Xing Li is what some Chinese people call a banana - yellow on the outside and white on the inside. Although born and raised in London, she never feels like she fits in. When her mother dies, she moves with her older brother to live with venomous Grandma, strange Uncle Ho and Hollywood actress Auntie Mei. Her only friend is Jay - a mixed raced Jamaican boy with a passion for classical music.
Then Xing Li's life takes an even harsher turn: the school bullying escalates and her uncle requests she assist him in an unthinkable favour. Her happy childhood becomes a distant memory as her new life is infiltrated with the harsh reality of being an ethnic minority.
Consumed by secrets, violence and confusing family relations, Xing Li tries to find hope wherever she can. In order to find her own identity, she must first discover what it means to be both Chinese and British.
|Publisher:||Legend Times Group|
|Product dimensions:||5.12(w) x 7.80(h) x 0.80(d)|
About the Author
PP Wong was born in London in 1982. Her parents, both Chinese and originally from Singapore, moved between London and Asia during her childhood. PP Wong is now a writer and is also editor of www. bananawriters.com, a platform to encourage new East Asian and South East Asian writers with thousands of readers from over 30 different countries.
Read an Excerpt
Death of a Chef Man
“Just be glad that cat is in a better place. If this were Guangdong, she’d be in a peasant’s belly by now.”
“That’s s-o-o-o racist.”
“I can’t be racist to my own race. Mama said it ain’t possible.”
“I don’t remember Mama ever saying that.”
“Well, Mama did.”
I’m not sure if my brother Lai Ker is right, but Mama isn’t here any more. She’s in heaven with Papa and my ancient cat Meow Meow. Grandma forced me to give Meow Meow to the RSPCA she’s twenty years old and I know what happens to old pets. Grandma told me she had to go ’cos she was “dirty”, “smelly” and “carrying millions and millions of germs”. She also said I couldn’t keep my Bart Simpson clock with the dent on his forehead. Lai Ker is allowed to bring his Xbox, but only after we clean it with baby wipes. But he can’t bring any of the big-leafed plants he grows in his room and sells to his mates ’cos Grandma’s two gardeners are already really busy.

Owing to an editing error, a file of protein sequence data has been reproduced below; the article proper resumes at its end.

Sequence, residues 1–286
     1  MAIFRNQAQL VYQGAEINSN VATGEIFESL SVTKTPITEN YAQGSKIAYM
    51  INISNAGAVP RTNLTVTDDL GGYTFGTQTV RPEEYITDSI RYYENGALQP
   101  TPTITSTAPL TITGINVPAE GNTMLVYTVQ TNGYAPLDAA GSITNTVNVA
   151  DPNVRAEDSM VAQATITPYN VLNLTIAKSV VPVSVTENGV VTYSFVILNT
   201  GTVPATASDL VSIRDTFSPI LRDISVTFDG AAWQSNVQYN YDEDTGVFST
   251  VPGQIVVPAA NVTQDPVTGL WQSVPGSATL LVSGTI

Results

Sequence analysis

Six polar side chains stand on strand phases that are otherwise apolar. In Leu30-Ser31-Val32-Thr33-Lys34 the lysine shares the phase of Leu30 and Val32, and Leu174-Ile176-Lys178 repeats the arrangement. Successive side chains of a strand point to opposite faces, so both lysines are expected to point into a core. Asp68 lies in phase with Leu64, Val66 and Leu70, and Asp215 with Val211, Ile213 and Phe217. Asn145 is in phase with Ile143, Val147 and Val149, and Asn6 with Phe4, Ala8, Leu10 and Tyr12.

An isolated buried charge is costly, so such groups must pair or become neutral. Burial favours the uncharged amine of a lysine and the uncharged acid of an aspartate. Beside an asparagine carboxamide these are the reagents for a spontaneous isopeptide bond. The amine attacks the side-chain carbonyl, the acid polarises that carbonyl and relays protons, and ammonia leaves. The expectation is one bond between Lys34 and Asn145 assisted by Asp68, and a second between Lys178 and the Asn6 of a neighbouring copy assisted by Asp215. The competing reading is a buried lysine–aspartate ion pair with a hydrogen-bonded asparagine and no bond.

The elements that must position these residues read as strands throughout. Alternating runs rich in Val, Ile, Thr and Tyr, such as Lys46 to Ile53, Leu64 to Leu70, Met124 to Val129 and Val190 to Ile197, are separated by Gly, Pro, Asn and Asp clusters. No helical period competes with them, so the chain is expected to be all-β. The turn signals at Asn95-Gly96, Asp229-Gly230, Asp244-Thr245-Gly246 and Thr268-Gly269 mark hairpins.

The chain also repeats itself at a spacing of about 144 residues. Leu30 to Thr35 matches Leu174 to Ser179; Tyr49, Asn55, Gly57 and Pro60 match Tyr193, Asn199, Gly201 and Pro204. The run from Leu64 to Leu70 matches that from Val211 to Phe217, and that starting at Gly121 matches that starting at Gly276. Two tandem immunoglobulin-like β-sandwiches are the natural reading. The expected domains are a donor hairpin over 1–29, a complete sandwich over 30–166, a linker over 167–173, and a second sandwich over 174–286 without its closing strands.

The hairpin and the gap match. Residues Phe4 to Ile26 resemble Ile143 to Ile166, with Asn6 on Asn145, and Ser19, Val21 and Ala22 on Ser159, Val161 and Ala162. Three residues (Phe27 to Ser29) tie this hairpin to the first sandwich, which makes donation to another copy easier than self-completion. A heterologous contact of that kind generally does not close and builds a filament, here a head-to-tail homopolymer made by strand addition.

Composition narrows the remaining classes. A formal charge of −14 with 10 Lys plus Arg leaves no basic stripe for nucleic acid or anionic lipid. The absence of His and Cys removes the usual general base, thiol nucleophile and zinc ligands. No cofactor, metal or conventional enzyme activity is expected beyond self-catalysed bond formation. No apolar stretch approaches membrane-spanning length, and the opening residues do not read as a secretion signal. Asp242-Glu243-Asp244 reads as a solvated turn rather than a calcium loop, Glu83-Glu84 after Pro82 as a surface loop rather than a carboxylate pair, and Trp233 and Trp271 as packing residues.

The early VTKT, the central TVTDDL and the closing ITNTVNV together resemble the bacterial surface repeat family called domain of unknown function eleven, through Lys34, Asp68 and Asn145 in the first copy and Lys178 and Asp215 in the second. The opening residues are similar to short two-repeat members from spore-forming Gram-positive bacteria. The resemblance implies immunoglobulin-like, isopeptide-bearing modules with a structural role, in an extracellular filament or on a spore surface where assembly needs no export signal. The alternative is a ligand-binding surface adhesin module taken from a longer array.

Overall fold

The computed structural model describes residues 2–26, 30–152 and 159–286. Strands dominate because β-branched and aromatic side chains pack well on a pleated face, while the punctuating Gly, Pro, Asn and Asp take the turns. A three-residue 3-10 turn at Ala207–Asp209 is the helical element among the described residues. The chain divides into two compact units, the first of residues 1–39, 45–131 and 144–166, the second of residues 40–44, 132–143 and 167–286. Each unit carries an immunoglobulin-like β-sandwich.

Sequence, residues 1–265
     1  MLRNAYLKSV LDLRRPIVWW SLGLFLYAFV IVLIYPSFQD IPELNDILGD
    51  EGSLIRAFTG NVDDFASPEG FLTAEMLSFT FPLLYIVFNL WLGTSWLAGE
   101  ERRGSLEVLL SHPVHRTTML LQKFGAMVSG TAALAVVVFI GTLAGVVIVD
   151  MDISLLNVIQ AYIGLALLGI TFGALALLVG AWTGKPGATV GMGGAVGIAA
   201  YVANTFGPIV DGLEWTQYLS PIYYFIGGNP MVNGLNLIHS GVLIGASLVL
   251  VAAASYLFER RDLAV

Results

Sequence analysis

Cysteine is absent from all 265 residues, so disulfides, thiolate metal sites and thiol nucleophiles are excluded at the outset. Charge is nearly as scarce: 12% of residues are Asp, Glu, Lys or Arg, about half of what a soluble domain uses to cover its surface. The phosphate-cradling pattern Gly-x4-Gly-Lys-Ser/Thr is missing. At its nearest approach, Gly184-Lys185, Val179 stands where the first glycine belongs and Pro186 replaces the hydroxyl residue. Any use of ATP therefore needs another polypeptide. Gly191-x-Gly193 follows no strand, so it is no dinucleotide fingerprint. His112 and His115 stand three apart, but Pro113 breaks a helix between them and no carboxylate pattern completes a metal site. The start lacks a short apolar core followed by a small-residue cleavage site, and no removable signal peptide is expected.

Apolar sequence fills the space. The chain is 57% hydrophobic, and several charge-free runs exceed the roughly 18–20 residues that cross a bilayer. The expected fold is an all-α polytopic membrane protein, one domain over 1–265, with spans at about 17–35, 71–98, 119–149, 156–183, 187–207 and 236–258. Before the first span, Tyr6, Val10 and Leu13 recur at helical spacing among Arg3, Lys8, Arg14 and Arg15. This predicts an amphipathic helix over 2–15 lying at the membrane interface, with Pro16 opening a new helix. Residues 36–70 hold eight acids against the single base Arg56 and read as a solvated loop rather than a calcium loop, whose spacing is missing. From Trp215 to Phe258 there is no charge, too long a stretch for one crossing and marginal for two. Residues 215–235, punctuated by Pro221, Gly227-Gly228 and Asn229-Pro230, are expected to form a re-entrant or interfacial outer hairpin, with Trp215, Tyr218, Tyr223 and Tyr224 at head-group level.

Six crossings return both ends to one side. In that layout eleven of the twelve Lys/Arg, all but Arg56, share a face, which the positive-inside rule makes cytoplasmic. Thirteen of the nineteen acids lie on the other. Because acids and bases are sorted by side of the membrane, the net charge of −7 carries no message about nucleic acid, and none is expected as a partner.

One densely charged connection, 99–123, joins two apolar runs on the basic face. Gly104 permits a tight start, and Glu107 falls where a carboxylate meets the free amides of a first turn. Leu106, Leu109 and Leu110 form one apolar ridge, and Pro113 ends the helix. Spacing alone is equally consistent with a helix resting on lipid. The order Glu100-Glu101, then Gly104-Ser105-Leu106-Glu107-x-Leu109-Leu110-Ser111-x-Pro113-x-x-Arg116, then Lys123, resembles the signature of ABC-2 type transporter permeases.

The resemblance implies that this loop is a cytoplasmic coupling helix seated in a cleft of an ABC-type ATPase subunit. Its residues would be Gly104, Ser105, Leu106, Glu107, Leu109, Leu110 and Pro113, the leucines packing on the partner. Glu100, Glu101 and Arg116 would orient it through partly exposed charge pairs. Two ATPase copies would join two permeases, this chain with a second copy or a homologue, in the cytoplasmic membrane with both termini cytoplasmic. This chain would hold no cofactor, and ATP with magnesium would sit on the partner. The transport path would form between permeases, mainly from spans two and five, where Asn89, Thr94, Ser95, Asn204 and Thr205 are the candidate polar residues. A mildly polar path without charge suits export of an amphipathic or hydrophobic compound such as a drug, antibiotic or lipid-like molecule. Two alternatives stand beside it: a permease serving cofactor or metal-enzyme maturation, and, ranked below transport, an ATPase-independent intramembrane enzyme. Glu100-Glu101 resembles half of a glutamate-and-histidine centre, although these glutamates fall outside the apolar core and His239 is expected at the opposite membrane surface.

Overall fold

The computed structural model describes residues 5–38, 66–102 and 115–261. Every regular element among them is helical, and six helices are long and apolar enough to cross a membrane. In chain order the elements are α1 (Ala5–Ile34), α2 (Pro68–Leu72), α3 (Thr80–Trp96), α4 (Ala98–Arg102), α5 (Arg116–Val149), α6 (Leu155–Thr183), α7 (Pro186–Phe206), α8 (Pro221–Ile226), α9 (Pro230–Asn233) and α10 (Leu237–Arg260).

We didn’t always live with Grandma. For twelve years, I lived in a cosy trio Mama, Lai Ker and me. We were the Kwans of 187C Kilburn Road the British Chinese family who played loud pop music and spoke with cockney-Chinese accents. Lai Ker was more cockney; Mama was more Chinese and I was something in between. We only saw Grandma, Auntie Mei and strange Uncle Ho once a year ’cos Mama said Grandma was a super busy lady and didn’t have time for us. Every time we saw Grandma she wouldn’t talk to Mama unless it was to complain.
“Why you not put more soy sauce in fish? It taste like armpit.”
“Your kitchen so dirty, rats must be having disco here every day.”
“Your flat too small only fit in midgets.”
Mama would just ignore Grandma, and carry on as if Grandma wasn’t there. I asked Mama why she never fought back and she said that when people fight it means they care.
Mama always tried to teach me what was right or wrong. She told me lots of things like how I must never leave any rice on my plate, if I did I would get giant spots on my cheeks for every grain of rice left. Also, I should always leave the plastic on TVs, mobile phones and sofas ’cos they last longer that way. But I’m never gonna know what Mama thinks about anything any more ’cos Mama is not here. Mama is gone forever and there’s nothing I can do about it.
Mama died on my twelfth birthday.